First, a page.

Role of arsenic as a reproductive toxin with particular attention to neural tube defects

J Toxicol Environ Health. 1996 Jun 28;48(3):253-72. doi: 10.1080/009841096161320.


Arsenic has been recognized as a human toxicant for over 2000 years. More recently it has been readily accepted as a human carcinogen. Animal research has demonstrated arsenic's ability to have profound detrimental effects on the developing embryo in avian and mammalian species. This article comprehensively reviews the human and animal literature on the subject of the reproductive toxicity of arsenic. A variety of endpoints are considered, including spontaneous abortion, cardiovascular defects, and arsenic's role in the causation of neural tube defects (NTDs). A summary of the literature that has examined the various postulated mechanisms by which arsenic may produce NTDs is also considered. In addition, a discussion of literature relative to the presence of arsenic in the general environment and in the workplace is presented. This article reaches the conclusion that while further research is clearly needed, particularly on the potential toxicity of organic arsenical compounds, the current literature suggests it may be prudent and appropriate to treat inorganic arsenic as a probable human reproductive toxin.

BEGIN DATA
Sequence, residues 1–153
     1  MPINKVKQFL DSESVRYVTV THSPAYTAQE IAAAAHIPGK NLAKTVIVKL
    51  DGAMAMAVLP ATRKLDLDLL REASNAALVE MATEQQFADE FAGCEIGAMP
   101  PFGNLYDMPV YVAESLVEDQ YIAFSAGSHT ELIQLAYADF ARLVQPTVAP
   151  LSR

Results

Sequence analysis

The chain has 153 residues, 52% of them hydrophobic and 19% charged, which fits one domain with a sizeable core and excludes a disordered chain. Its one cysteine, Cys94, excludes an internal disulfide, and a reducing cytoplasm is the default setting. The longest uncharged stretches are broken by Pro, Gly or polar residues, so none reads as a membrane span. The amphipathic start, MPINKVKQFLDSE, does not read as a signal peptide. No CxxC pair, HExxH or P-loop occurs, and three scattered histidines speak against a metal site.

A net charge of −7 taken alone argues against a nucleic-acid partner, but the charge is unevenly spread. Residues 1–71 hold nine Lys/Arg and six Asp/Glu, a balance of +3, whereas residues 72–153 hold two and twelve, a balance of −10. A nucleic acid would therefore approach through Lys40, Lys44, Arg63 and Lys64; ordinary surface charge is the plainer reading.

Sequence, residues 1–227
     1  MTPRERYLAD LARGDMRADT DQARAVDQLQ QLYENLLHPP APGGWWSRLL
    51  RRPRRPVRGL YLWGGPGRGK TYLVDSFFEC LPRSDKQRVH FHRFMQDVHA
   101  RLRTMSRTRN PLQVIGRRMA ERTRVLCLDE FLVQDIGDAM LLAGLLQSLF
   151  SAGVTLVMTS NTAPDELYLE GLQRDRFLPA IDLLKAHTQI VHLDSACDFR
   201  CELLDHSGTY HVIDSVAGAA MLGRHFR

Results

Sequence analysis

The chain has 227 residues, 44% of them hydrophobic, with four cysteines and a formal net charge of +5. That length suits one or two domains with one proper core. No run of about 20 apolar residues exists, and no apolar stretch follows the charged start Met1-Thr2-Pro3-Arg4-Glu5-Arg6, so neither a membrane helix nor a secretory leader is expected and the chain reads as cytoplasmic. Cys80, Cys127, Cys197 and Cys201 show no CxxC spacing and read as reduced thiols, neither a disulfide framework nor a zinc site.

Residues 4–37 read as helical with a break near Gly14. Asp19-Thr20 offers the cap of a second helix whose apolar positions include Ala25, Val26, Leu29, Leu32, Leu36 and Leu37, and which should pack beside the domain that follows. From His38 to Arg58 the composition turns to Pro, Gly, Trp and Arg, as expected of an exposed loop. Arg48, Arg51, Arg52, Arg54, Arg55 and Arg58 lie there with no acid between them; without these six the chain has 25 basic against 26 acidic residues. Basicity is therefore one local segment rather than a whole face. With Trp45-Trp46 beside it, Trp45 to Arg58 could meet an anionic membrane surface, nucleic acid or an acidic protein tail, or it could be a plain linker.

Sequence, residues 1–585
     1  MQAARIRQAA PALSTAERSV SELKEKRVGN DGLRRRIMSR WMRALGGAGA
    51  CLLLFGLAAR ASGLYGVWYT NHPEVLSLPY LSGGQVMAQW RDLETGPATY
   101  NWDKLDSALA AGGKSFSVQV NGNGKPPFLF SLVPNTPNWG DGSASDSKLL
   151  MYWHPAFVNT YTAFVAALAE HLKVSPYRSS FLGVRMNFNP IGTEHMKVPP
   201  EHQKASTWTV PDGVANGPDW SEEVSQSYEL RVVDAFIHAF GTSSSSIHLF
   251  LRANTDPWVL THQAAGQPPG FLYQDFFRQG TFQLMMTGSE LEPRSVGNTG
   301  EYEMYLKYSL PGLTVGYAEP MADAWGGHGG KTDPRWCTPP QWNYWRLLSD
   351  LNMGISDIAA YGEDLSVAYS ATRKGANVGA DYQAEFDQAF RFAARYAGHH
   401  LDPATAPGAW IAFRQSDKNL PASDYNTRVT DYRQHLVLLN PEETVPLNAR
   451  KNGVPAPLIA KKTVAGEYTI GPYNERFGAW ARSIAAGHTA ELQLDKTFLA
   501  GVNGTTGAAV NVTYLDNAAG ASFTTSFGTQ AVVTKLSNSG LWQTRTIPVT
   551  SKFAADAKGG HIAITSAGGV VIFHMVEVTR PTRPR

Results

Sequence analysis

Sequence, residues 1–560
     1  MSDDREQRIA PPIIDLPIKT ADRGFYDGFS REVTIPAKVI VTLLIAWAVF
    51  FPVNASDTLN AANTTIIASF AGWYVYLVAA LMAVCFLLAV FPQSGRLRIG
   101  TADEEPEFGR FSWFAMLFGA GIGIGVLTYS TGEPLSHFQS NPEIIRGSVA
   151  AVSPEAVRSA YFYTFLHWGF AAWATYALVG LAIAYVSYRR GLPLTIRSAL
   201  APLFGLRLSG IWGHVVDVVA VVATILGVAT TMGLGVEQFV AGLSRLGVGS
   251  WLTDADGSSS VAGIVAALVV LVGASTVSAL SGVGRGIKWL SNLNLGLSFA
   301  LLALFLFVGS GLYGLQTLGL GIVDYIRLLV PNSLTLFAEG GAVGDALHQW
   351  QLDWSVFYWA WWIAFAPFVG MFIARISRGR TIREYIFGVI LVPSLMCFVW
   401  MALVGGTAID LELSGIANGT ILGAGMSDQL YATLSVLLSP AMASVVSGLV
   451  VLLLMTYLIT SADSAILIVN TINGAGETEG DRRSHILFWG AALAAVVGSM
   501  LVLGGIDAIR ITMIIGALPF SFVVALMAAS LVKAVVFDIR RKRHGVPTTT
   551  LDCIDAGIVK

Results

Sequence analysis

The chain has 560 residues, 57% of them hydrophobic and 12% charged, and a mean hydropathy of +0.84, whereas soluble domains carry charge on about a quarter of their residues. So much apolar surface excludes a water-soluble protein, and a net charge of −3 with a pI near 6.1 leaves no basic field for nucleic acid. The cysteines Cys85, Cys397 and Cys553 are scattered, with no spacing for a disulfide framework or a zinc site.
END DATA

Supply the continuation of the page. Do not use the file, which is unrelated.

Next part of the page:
Publication types

  • Research Support, Non-U.S. Gov't
  • Research Support, U.S. Gov't, P.H.S.
  • Review

MeSH terms

  • Animals
  • Arsenic / toxicity*
  • Environmental Exposure
  • Humans
  • Neural Tube Defects / chemically induced*
  • Neural Tube Defects / epidemiology
  • Neural Tube Defects / etiology
  • Neural Tube Defects / genetics
  • Poisons / toxicity*
  • Reproduction / drug effects*
  • Teratogens / toxicity


  • Poisons
  • Teratogens
  • Arsenic